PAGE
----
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Learning Japanese Through Play

The students prepare for their trip to the Japanese supermarket.

When I signed up for Japanese in high school, I didn’t know what to expect. Of course we started with basic vocabulary and worked our way through katakana, hiragana and a bit of kanji in an attempt to master the various alphabets.  But my favorite part of our class was the cultural aspect.  I remember being shocked by the crazy costumes when my sensei showed us “Kohaku Utagassen” (New Year’s Eve Music Show).  We wrote nengajou (New Year’s cards) and chased away devils and asked for good luck with mamemaki (bean throwing) on the Setsubun holiday.

When you are a child, the opportunity to learn Japanese and experience the culture is invaluable.  Young minds are highly malleable, and I would not be the person I am today if it wasn’t for my sensei’s revolutionary classroom style.  It was the cultural aspects of Japan, unusual to me at the time, which really intrigued me and made me want to stick with Japanese.  I flashed back to this time during a trip to the Scarsdale-based non-profit International Lifelong Education (I.L.E.), formerly known as the Japan America Learning Center.  Along with a potpourri of other classes, Japanese is offered at this facility, and its cozy atmosphere and stellar Japanese staff make it ideal for those looking to study this language.

Completing the scavenger hunt while using Japanese.

Two such students were participating in a spring camp taking place the week I visited. 10-year old Michael and 8-year old Ken both take their own one-on-one private Japanese lessons every Saturday, so this special event was a great chance to interact with fellow students of Japanese as well as native speakers who had come to work on their English.  Aside from activities such as music, gym and candle-making, there was something special planned for them: a field trip to a local Japanese supermarket so they could practice their Japanese.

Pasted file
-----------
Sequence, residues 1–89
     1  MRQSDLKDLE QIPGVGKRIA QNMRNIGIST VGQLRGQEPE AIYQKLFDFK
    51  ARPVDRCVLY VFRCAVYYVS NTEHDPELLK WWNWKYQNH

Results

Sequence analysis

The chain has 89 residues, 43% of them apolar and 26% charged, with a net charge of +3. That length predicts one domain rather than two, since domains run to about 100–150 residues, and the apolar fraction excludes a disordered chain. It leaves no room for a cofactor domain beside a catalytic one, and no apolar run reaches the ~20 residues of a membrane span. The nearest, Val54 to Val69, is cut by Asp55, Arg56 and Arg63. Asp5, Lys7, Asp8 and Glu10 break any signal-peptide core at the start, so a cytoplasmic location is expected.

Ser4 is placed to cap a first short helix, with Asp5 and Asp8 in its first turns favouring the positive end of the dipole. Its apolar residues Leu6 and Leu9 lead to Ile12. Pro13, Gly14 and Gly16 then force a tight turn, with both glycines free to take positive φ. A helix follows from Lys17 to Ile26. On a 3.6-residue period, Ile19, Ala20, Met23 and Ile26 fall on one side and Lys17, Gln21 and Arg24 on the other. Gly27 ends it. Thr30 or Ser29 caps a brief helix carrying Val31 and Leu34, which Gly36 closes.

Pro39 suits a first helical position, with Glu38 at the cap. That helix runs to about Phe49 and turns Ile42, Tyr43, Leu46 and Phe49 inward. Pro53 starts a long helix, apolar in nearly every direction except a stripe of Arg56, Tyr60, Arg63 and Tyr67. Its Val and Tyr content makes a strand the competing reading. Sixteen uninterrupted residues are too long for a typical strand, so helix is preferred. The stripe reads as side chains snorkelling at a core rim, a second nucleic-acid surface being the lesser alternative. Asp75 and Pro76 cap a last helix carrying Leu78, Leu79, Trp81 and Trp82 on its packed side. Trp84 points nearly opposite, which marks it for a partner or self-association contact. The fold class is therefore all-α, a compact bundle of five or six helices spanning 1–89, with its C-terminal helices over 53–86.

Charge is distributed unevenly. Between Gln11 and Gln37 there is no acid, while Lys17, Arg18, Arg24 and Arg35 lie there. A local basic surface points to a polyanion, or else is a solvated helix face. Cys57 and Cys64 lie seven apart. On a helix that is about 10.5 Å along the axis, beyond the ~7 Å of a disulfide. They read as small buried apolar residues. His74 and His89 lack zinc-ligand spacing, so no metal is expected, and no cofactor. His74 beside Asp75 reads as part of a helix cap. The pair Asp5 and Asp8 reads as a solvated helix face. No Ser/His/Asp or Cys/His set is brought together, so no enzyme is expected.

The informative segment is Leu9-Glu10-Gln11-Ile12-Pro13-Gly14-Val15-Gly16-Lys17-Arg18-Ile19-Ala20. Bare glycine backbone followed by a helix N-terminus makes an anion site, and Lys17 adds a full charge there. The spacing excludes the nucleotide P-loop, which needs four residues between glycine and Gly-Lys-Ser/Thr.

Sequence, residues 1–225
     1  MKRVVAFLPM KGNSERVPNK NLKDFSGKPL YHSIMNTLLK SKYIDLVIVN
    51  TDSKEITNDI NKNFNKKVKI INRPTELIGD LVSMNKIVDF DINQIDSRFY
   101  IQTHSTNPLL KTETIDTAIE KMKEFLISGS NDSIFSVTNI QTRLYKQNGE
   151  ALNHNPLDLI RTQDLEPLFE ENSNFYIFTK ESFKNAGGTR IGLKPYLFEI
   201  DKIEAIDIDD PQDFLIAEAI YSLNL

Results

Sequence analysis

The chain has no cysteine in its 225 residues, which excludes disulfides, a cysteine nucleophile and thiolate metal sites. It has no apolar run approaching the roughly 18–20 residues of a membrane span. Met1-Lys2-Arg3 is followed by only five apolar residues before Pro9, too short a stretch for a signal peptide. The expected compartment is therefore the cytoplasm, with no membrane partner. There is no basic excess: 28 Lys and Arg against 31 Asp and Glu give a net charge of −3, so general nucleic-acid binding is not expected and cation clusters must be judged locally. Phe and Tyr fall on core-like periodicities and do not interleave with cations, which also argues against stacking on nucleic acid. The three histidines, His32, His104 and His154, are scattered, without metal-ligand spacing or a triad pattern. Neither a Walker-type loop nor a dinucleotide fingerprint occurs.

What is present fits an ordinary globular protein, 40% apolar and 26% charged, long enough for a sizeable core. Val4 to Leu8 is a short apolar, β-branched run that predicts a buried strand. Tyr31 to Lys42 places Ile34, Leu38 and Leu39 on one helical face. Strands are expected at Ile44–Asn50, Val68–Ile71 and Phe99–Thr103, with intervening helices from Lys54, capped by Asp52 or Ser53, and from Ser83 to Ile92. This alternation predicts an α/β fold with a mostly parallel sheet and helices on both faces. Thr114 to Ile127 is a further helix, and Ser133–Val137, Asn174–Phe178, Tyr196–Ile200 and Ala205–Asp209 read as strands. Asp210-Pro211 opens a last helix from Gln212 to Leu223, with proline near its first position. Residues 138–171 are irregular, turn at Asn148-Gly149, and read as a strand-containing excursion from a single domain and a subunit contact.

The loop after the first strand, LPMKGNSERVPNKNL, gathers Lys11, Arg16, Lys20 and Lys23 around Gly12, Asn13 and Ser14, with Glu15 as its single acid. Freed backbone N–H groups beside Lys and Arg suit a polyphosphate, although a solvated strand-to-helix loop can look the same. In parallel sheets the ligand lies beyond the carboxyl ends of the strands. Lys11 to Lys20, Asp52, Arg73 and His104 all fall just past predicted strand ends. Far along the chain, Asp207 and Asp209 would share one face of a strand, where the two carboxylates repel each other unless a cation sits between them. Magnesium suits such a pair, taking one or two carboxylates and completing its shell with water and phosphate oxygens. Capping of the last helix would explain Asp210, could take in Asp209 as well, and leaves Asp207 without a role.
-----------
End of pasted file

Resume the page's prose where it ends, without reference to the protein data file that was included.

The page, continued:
Marking off the items found one by one.

While at the store, they had to carry a worksheet with them and accomplish tasks like asking where certain items such as soy sauce, “Pocky” and miso were located and how much they cost.  Michael and Ken received $5 each of spending money, and were eager to show off their Japanese skills.  They were able to navigate Fuji Mart’s aisles and find all of the items, as well as some treats for themselves! At lunchtime Michael dug into his new purchases right away, enjoying his first onigiri (rice ball) and washing it down with the carbonated drink ramune.  For dessert he opened up his package of orange Hi-chew and shared them with the group.

I took this opportunity to ask Michael and Ken why they want to study Japanese.  Michael shared, “I saw calligraphy hanging in my Japanese friend’s house and I wanted to learn more about Japan, so I started taking classes here six months ago.  I have heiwa (peace) that I wrote in hiragana hanging in my room, and someday I want to write it in kanji.”  As for Ken, his mother is Japanese so his interest in the language was natural.  He started classes about six months ago, and he’s already hooked.  “I like coming to the center because we play games, listen to music and have fun while learning Japanese.”

Learning Japanese through song with native Japanese students.

Watching Michael and Ken and their enthusiasm brought me back to my days first studying Japanese.  I.L.E. has the same magic that I had in my high school class that made it fun to learn a language.  There is something special about having the chance to learn Japanese when you are young, and as I.L.E’s name indicates, they are hoping to have this interest stay with children for the long-term.  With their winning formula, students are sure to grow into lifelong language learners.

———— Reported by Stacy Smith

International Lifelong Education (I.L.E.)
81 Montgomery Ave., 2nd Fl., Scarsdale, NY 10583
TEL: 914-723-7600
*I.L.E. will offer Summer Camp programs. For details, go to their website.